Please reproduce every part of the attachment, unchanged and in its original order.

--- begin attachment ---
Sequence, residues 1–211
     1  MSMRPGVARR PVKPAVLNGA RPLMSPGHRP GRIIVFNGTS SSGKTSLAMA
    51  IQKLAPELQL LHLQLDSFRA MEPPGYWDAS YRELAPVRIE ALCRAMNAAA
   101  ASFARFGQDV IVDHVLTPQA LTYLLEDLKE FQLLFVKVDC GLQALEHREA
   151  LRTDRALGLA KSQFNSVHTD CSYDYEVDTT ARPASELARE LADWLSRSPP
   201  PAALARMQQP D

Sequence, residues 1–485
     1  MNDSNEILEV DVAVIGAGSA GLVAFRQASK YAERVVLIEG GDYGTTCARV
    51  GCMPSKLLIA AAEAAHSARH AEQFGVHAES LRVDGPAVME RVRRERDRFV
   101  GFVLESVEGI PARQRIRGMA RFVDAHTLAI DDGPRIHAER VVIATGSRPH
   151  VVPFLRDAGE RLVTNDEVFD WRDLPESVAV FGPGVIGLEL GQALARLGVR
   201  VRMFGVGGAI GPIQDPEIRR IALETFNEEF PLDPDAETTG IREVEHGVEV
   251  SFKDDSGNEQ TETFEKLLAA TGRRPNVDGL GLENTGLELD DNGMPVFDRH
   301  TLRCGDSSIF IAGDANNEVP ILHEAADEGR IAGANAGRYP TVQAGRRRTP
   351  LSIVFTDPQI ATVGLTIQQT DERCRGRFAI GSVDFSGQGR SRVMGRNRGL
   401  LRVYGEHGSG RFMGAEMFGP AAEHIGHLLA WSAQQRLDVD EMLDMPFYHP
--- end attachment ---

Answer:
Sequence, residues 1–211
     1  MSMRPGVARR PVKPAVLNGA RPLMSPGHRP GRIIVFNGTS SSGKTSLAMA
    51  IQKLAPELQL LHLQLDSFRA MEPPGYWDAS YRELAPVRIE ALCRAMNAAA
   101  ASFARFGQDV IVDHVLTPQA LTYLLEDLKE FQLLFVKVDC GLQALEHREA
   151  LRTDRALGLA KSQFNSVHTD CSYDYEVDTT ARPASELARE LADWLSRSPP
   201  PAALARMQQP D

Sequence, residues 1–485
     1  MNDSNEILEV DVAVIGAGSA GLVAFRQASK YAERVVLIEG GDYGTTCARV
    51  GCMPSKLLIA AAEAAHSARH AEQFGVHAES LRVDGPAVME RVRRERDRFV
   101  GFVLESVEGI PARQRIRGMA RFVDAHTLAI DDGPRIHAER VVIATGSRPH
   151  VVPFLRDAGE RLVTNDEVFD WRDLPESVAV FGPGVIGLEL GQALARLGVR
   201  VRMFGVGGAI GPIQDPEIRR IALETFNEEF PLDPDAETTG IREVEHGVEV
   251  SFKDDSGNEQ TETFEKLLAA TGRRPNVDGL GLENTGLELD DNGMPVFDRH
   301  TLRCGDSSIF IAGDANNEVP ILHEAADEGR IAGANAGRYP TVQAGRRRTP
   351  LSIVFTDPQI ATVGLTIQQT DERCRGRFAI GSVDFSGQGR SRVMGRNRGL
   401  LRVYGEHGSG RFMGAEMFGP AAEHIGHLLA WSAQQRLDVD EMLDMPFYHP